Florida governor may turn away cruise ship with 4 dead, 189 sick aboard

A cruise ship with four dead and 189 sick with flu-like symptoms is bound for Florida from Panama, but it faces more uncertainty after the state’s governor announced Monday that he doesn’t want the ship’s passengers to be “dumped” there amid the coronavirus pandemic.

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Florida Gov. Ron DeSantis made the comments on Fox News on Monday about the approaching ship, Holland America’s Zaandam, which passed through the Panama Canal on Sunday after being denied port for weeks throughout South America, reports said.

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"We cannot afford to have people who are not even Floridians dumped into South Florida using up those valuable resources," DeSantis said, according to the South Florida Sun Sentinel. "We view this as a big, big problem, and we don't want to see people dumped in southern Florida right now."

Holland America had previously announced its intention to travel to Fort Lauderdale, but officials at Port Everglades said Sunday the plan had not yet been approved.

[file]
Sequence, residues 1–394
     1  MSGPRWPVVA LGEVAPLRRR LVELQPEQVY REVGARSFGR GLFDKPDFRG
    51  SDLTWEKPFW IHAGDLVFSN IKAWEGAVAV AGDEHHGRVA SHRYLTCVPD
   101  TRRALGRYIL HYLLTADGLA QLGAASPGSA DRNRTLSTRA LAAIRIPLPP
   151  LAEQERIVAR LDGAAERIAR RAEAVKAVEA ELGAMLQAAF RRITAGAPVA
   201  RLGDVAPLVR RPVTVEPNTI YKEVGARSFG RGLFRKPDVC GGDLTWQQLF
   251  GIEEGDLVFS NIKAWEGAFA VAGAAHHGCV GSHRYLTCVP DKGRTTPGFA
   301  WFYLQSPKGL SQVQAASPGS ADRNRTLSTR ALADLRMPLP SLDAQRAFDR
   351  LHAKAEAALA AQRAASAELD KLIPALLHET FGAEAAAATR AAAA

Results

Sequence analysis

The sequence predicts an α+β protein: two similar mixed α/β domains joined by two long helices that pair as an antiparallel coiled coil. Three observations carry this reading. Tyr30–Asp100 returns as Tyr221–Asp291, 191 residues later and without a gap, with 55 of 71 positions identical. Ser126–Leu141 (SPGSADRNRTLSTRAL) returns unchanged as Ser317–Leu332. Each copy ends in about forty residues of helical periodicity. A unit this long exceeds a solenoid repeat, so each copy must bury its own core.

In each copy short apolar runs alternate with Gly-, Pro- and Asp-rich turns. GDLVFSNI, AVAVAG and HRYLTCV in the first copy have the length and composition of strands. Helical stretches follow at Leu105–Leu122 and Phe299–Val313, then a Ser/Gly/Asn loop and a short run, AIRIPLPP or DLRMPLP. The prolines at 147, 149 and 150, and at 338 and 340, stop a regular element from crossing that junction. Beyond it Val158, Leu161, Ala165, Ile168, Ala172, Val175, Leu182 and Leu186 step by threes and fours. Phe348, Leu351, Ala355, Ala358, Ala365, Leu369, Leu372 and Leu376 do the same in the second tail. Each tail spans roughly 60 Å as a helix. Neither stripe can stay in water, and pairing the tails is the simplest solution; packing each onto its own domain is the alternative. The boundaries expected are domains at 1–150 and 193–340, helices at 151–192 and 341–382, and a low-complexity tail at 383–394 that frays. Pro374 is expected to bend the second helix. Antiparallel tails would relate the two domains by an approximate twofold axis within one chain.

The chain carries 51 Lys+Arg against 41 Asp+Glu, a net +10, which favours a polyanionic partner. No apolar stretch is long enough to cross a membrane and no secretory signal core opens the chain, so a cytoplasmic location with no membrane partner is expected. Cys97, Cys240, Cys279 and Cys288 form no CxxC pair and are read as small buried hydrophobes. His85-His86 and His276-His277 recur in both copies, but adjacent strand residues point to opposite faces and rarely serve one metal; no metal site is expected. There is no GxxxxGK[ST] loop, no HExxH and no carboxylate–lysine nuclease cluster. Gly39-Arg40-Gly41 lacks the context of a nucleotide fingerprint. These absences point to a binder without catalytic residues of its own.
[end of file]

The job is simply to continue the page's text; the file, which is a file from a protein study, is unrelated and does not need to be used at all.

The Zaandam, which set sail from Buenos Aires on March 7, is being accompanied by another vessel, the Rotterdam, where healthy passengers were moved during the ship's holdover. No one has been off the ship since March 14 in Punta Arenas, Chile, CNN reported.

At least two people have tested positive for coronavirus on the Zaandam, reports said, according to Holland America. No cause of death has been given for the four deceased.

DeSantis said he has been in communication with the White House about the appropriate actions to take.

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The ships could reach South Florida by late Wednesday or early Thursday, but it remains to be seen if either “is permitted to dock,” said Ellen Kennedy, spokeswoman for Port Everglades, according to the Sentinel.

Of the 189 reported having flu symptoms aboard the Zaandam, 73 are passengers and 116 crew members, the Sentinel reported.

Passengers reached by the Sun Sentinel on Monday said the captain had told them that a “final destination is still being negotiated.”

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Several officials in Port Everglades were said to be alarmed about docking the boat there. Broward County officials suggested taking passengers to Homestead Air Reserve Base in Miami-Dade County to be quarantined, the Sentinel reported.

Fort Lauderdale Mayor Dean Trantalis also opposed the ship in his community, the Sentinel reported. “There are Navy bases on the Eastern seaboard where this ship could dock and be dealt with in a much more controlled environment,” he said, citing hospitals in the area were already “overwhelmed.”